BANGKOK (Reuters) – The leader of Thailand’s military government on Friday credited the junta with restoring a strong economic footing and called for “continuity”, but he stopped short of saying whether he will be a candidate in long-delayed elections set for March 24.
Uttama Savanayana, Palang Pracharat Party leader, speaks with Thailand’s Prime Minister Prayuth Chan-ocha, who is invited to become their top prime ministerial candidate at Government House in Bangkok, Thailand, February 1, 2019. REUTERS/Athit Perawongmetha
Prime Minister Prayuth Chan-ocha has expressed interest in entering politics but has not formally said whether he would stand in the general election.
In an almost two-hour speech broadcast live from Government House in Bangkok, Prayuth said his government had laid the foundation for long-term development.
He noted that Thailand had economic growth of only 1 percent at the time the military took power, in 2014, while central bank projections for 2018 growth are 4.2 percent.
“There must be continuity in the country’s development,” Prayuth said.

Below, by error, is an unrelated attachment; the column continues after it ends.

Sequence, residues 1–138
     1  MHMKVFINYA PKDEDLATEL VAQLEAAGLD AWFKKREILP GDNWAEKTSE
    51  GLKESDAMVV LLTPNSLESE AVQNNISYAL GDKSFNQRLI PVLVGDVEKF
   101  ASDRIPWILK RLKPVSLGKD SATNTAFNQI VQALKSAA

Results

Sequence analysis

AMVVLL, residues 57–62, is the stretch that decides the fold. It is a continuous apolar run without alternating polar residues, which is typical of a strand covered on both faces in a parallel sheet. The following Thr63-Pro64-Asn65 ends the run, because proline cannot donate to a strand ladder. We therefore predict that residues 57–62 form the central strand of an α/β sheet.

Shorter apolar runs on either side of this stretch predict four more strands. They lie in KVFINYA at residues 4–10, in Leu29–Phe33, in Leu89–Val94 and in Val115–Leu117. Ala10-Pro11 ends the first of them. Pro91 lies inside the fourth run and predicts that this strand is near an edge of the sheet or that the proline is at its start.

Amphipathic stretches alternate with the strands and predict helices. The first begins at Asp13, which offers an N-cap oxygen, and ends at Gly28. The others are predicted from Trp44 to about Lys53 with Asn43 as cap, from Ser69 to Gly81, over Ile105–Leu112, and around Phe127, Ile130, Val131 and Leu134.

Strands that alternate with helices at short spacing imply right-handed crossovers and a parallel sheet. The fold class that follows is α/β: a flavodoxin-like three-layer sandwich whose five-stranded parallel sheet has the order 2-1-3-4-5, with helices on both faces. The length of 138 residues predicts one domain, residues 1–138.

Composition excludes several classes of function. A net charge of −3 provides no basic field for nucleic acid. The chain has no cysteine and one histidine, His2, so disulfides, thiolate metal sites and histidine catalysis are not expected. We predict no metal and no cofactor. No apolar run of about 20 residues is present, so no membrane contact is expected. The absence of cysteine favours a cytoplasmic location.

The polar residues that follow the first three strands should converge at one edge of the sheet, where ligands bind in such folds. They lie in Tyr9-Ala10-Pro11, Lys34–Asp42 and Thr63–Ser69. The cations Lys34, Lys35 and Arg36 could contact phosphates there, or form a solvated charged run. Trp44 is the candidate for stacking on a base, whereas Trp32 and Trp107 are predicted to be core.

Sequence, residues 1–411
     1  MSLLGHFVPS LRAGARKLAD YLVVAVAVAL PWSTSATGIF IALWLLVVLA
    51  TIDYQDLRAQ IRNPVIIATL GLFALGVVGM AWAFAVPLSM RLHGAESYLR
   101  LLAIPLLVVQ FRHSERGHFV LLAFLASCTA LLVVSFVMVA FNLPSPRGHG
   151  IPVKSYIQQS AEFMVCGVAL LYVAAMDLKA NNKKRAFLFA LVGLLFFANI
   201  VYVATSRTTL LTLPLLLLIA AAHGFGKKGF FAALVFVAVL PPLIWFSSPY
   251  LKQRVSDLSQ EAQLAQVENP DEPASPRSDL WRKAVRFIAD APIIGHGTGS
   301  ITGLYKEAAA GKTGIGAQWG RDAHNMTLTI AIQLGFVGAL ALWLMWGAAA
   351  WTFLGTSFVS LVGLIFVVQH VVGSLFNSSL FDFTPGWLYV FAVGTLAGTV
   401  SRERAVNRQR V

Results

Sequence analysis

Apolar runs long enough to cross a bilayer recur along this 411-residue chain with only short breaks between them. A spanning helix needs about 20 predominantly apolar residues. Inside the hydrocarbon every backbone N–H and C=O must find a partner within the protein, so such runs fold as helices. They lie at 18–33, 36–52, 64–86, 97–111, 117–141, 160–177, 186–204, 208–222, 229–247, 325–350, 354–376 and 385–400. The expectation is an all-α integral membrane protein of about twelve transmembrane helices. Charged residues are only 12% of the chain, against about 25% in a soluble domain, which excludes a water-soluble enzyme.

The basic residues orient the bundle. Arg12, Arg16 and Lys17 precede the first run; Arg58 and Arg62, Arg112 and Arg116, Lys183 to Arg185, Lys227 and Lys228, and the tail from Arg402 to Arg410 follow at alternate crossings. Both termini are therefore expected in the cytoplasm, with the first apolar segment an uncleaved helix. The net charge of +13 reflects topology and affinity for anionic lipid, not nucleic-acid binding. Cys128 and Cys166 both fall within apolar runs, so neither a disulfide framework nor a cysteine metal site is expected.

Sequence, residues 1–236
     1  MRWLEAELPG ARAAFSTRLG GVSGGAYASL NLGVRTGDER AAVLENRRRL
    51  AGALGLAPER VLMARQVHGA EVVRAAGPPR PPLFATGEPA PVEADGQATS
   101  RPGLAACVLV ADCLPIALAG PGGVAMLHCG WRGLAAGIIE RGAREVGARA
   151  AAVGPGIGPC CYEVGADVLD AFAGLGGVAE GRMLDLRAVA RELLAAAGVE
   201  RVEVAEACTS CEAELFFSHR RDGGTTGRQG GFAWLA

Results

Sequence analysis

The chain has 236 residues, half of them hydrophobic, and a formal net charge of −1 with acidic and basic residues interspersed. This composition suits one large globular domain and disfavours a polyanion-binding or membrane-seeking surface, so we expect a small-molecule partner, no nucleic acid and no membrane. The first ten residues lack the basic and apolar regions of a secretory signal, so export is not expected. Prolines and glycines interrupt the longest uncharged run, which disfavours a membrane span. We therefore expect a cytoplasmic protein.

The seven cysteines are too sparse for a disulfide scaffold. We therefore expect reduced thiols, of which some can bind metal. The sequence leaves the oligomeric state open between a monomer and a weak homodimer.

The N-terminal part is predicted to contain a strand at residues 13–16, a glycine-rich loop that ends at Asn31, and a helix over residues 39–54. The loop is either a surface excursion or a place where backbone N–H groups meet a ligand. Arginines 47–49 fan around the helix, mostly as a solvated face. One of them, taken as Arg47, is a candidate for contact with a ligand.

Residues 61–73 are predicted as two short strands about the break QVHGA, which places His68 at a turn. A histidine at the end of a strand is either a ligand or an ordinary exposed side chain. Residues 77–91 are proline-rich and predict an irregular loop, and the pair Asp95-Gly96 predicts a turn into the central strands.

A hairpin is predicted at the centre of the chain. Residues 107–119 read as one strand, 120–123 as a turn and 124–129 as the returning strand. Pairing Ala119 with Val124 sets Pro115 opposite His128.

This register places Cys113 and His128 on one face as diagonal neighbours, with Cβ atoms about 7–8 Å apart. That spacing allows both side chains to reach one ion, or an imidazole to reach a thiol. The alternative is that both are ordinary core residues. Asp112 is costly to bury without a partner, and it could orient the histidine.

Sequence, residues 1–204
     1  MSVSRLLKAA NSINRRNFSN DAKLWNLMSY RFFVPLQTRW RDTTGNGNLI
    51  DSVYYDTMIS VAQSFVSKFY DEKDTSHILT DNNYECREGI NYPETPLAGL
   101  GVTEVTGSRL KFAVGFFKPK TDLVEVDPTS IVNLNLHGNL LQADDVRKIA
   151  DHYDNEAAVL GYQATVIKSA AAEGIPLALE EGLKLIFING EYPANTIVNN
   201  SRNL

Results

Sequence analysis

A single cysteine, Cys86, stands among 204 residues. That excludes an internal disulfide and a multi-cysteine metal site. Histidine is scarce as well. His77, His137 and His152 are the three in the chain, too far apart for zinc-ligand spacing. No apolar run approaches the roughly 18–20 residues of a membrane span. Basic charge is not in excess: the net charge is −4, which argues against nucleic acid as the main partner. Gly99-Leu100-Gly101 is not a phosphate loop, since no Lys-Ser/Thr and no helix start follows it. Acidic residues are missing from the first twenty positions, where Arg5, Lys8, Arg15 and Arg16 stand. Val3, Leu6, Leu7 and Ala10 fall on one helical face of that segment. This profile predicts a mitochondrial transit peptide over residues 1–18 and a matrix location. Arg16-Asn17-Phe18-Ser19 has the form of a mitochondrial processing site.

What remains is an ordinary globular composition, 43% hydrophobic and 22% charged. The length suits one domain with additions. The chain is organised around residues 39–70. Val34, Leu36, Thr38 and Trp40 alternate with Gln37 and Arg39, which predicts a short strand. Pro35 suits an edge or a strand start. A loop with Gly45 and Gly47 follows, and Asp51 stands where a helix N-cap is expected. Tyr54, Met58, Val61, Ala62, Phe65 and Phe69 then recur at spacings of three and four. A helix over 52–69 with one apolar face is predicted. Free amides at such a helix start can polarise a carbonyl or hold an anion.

“In the past when new (governments) come in they start new things, this is not good, they should continue old policies.”
The military government introduced legislation in 2017 establishing a 20-year framework for development strategy. Critics say the legislation gives the military and bureaucracy a say in politics at the expense of elected officials.
The military, which seized power in a May 2014 coup, has blamed short-term populist policies introduced by previous civilian governments as a source of more than a decade of political instability.
The pro-military Palang Pracharat Party, which was co-founded by four of Prayuth’s former cabinet ministers, has said it is contesting the polls with the aim of continuing the work of the military government.
On Friday, the party leadership formally invited Prayuth to become their top prime ministerial candidate, but the former army chief was coy about whether he would take up the offer.
“To accept or not accept, it is up to their policies and whether I am OK with them,” Prayuth said in his speech, referring to the party.
“If I’m OK, then we can stay together … but if not, I’ll stay home.”
Reporting by Panu Wongcha-um; Editing by Robert Birsel